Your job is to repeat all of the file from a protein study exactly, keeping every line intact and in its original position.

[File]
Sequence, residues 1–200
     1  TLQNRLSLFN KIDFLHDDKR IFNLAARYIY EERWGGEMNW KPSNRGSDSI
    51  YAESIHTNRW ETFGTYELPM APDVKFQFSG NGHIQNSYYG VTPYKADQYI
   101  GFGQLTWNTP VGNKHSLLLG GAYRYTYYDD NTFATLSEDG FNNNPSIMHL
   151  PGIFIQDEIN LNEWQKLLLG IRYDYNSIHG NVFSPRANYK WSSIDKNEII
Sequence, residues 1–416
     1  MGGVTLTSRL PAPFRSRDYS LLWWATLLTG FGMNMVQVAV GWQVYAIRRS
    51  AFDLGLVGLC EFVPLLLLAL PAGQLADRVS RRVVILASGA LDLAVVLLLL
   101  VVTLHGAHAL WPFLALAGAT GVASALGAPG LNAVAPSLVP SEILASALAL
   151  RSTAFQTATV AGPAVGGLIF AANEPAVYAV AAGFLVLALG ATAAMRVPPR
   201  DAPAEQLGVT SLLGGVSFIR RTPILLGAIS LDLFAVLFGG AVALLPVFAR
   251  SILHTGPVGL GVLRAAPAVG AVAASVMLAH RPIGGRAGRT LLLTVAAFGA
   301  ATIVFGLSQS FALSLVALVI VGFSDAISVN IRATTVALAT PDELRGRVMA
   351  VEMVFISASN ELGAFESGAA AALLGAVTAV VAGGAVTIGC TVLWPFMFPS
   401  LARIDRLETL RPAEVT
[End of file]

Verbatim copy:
Sequence, residues 1–200
     1  TLQNRLSLFN KIDFLHDDKR IFNLAARYIY EERWGGEMNW KPSNRGSDSI
    51  YAESIHTNRW ETFGTYELPM APDVKFQFSG NGHIQNSYYG VTPYKADQYI
   101  GFGQLTWNTP VGNKHSLLLG GAYRYTYYDD NTFATLSEDG FNNNPSIMHL
   151  PGIFIQDEIN LNEWQKLLLG IRYDYNSIHG NVFSPRANYK WSSIDKNEII
Sequence, residues 1–416
     1  MGGVTLTSRL PAPFRSRDYS LLWWATLLTG FGMNMVQVAV GWQVYAIRRS
    51  AFDLGLVGLC EFVPLLLLAL PAGQLADRVS RRVVILASGA LDLAVVLLLL
   101  VVTLHGAHAL WPFLALAGAT GVASALGAPG LNAVAPSLVP SEILASALAL
   151  RSTAFQTATV AGPAVGGLIF AANEPAVYAV AAGFLVLALG ATAAMRVPPR
   201  DAPAEQLGVT SLLGGVSFIR RTPILLGAIS LDLFAVLFGG AVALLPVFAR
   251  SILHTGPVGL GVLRAAPAVG AVAASVMLAH RPIGGRAGRT LLLTVAAFGA
   301  ATIVFGLSQS FALSLVALVI VGFSDAISVN IRATTVALAT PDELRGRVMA
   351  VEMVFISASN ELGAFESGAA AALLGAVTAV VAGGAVTIGC TVLWPFMFPS
   401  LARIDRLETL RPAEVT